New Mexico.  Any adult may authorize their own cremation in this form prior to death under statute 24-12A-1. Although you may appoint a personal representative to carry out your funeral wishes it must be placed within your will under statute 45-3-701 B. So be sure your personal rep has a copy or it may not be seen until it’s too late.

New Jersey.  New Jersey N.J.S.A. 45:27-22 allows you to appoint a designated agent to direct the disposition of your remains. Here is the form provided by the NJ cemetery Board.  

New York. Section 4201 of the Public Health Law allows you to designate an agent to dispose of your remains. The law includes a statutory form. Here is an overall excellent resource that includes that form at the end.

North Carolina. An irrevocable pre-need funeral arrangement may not be altered. Since 2007 you can assign an “authorizing agent” in a Health Care Power of Attorney form. On page 6 it reads, that authority continues “until my death, except if I authorize my health care agent to exercise my rights with respect to anatomical gifts, autopsy, or disposition of my remains. This authority will continue after my death to the extent necessary to exercise that authority.” You may read more options from this 2013 NC Board of Funeral Service Document. Or read what NC law says G.S. 90-210.124.

North Dakota.  Chapter 23-06 -Care and Custody of the Dead states, “The duty of final disposition of the body of a deceased individual devolves upon the following individual in the order of priority: a. Any legally competent adult given the duty of final disposition by the deceased individual in a statement conforming with section 23-06-31; …“The written statement must be signed and dated by the legally competent adult and may be part of the legally competent adult’s will.”

Ohio.  Effective in 2006, Ohio citizens may designate anyone they wish to make funeral, cremation, or anatomical donations of their bodies after death. This right can be found in 2108.70 of the Ohio Code. Here’s an Ohio Designated Agent Form using the law’s wording It must be signed by a notary or two witnesses not related to you. In OH the next of kin equally inherit the right, all collectively must agree, whereas other states only require majority.

Oklahoma.  There is a combined personal preference and designated agent law. The law can be found in §21-1151, “Any person has the right to direct the manner in which his or her body shall be disposed of after death …by executing a sworn affidavit stating the assignment of the right and the name of the person or persons to whom the right has been assigned. Any person who knowingly fails to follow the directions…shall be guilty of a misdemeanor punishable by a fine.” Here is a form to use.

Oregon. Oregon Revised Statutes, 97.130 1) “Any individual of sound mind who is [an adult], by completion of a written signed instrument or by prearranging with any funeral service” may state a personal preference and scroll down to section 8 for a form to use to direct your disposition, and/or appoint your “Person to Make Decisions Concerning Disposition of Remains”.  Disposition arrangements that are prepaid or that are filed with a funeral service practitioner are not subject to cancellation or substantial revision.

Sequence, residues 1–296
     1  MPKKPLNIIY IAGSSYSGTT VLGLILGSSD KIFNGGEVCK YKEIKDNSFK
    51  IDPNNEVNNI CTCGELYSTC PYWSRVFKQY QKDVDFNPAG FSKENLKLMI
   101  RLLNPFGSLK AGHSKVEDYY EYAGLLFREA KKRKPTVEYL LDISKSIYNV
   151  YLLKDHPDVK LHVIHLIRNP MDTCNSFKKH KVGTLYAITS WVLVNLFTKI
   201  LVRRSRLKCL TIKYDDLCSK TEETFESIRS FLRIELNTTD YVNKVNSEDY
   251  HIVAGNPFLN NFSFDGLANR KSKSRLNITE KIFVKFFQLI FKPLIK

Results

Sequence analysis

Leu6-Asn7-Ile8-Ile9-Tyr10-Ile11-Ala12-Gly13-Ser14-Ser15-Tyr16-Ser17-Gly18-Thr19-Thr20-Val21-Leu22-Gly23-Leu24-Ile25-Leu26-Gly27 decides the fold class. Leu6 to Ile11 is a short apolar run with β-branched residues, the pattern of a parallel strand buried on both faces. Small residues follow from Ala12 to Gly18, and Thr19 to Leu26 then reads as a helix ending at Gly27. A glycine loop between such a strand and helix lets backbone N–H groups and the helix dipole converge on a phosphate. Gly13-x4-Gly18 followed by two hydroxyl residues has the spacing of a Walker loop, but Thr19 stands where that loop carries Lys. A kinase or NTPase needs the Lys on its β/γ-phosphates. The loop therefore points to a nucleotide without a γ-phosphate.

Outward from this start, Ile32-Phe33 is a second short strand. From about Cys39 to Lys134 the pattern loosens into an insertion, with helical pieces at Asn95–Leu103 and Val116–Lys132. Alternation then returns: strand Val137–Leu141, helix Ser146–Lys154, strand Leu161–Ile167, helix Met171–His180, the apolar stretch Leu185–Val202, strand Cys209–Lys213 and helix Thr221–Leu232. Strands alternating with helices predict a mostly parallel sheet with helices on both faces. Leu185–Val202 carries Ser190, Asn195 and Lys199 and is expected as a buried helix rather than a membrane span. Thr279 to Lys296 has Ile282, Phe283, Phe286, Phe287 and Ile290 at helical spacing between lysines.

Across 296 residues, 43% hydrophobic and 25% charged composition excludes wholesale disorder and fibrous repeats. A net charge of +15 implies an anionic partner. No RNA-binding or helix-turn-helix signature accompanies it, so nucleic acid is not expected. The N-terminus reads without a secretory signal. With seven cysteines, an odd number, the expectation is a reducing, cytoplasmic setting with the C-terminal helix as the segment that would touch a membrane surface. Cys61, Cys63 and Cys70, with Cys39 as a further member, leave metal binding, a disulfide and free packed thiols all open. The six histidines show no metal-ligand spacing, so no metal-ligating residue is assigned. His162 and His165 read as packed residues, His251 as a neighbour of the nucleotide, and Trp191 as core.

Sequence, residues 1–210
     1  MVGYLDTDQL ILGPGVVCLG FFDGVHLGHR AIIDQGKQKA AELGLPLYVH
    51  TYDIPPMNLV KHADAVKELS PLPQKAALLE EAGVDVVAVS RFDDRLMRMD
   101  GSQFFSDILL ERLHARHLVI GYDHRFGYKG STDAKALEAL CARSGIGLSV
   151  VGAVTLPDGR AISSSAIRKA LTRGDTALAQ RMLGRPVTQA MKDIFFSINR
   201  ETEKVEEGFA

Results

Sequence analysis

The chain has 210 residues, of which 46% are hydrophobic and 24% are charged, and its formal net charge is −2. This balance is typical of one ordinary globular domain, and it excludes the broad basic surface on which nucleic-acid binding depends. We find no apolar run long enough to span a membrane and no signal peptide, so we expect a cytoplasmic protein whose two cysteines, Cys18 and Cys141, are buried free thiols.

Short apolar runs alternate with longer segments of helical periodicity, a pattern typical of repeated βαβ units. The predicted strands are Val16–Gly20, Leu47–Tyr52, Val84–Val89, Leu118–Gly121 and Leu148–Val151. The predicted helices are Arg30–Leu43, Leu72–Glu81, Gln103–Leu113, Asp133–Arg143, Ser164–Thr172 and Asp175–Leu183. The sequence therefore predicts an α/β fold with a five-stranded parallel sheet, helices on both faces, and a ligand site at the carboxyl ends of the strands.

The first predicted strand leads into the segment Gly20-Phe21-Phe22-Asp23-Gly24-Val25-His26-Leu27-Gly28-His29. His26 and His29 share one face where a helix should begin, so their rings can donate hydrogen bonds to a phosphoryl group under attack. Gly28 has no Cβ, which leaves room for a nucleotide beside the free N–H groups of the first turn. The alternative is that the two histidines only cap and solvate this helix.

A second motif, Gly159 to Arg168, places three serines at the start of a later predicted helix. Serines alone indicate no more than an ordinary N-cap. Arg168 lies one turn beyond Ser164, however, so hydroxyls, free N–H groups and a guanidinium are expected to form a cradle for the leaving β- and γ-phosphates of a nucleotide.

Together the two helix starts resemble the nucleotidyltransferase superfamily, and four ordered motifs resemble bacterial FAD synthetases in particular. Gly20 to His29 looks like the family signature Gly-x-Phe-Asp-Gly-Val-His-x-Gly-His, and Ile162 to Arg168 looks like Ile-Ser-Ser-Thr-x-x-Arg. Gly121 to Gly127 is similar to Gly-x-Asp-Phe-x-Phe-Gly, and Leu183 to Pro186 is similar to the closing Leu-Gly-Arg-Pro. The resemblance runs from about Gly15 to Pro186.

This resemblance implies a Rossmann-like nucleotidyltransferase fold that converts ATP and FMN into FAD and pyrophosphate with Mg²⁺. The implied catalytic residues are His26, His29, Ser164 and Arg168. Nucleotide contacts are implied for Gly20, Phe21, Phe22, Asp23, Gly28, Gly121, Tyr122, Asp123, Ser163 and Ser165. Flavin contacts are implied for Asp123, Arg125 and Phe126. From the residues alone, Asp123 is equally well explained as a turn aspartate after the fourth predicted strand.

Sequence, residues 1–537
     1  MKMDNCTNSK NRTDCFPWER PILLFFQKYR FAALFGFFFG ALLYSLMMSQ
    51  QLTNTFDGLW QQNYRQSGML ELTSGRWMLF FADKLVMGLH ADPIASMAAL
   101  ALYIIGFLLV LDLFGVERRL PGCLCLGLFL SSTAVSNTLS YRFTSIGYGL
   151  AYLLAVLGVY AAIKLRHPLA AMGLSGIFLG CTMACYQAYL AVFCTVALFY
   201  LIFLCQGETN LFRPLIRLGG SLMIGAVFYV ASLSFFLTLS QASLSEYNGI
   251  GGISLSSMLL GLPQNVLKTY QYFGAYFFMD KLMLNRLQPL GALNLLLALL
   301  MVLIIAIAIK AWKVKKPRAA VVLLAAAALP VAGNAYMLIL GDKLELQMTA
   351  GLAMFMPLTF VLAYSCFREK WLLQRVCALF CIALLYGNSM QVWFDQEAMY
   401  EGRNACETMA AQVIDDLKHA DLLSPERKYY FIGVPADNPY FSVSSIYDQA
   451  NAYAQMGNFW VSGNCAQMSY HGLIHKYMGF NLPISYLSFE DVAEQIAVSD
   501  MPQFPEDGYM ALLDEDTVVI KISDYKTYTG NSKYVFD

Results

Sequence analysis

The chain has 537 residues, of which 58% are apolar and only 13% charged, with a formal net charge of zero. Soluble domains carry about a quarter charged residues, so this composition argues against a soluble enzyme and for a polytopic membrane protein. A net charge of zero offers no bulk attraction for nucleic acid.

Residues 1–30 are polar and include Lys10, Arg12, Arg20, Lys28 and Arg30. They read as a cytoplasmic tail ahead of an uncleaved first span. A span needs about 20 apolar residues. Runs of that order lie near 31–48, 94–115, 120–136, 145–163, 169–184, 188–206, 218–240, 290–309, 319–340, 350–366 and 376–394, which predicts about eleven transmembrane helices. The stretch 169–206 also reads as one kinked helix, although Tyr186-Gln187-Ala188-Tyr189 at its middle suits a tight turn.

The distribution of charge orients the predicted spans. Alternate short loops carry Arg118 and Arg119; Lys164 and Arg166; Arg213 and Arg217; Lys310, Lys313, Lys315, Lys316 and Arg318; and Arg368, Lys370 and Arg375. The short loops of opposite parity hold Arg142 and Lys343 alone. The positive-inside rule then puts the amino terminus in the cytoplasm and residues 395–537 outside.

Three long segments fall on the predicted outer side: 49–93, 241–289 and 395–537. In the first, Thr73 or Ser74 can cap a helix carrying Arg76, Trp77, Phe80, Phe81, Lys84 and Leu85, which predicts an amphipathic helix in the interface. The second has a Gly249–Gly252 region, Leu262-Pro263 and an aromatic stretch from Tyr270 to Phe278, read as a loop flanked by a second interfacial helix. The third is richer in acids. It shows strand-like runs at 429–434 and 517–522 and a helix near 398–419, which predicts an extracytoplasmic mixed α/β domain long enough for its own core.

Pennsylvania.  The designated agent law Pennsylvania Statute, Title 20, Chapter 3, Subsection 305, gives you the right to make a “statement of contrary intent” (see subsections B,C and D1) which overrides the next-of-kin’s usual authority and lets you designate whom may control the disposition. 

Rhode Island.  Chapter 33.3 of Title 5 of the Rhode Island General Laws, any individual who is at least eighteen (18) years of age and of sound mind is allowed to designate a primary funeral planning agent and an alternate agent, if desired, who has the authority and responsibility to make all funeral arrangements. Here’s a form provided by the State.

South Carolina. South Carolina Code of Laws, Section 32-8 subsection 315 allows you to preauthorize cremation. Subsection 320 allows you to name any adult you like (it does not have to be your next of kin) to authorize your disposition. You must place this authorization in a “will or other verified and attested document” (see section 62-2-503 “Attestation and Self-proving” to make a verified and attested document).

South Dakota. There is a personal preference law, found in Title 34, Chapter 26, Section 1 of the South Dakota statutes. Here’s the form provided in 34-26-77 to describe your funeral wishes and make them legally binding if notarized. Order of right and duty 34-26-75. Circumstances to lose the right and duty of disposition 34-26-76.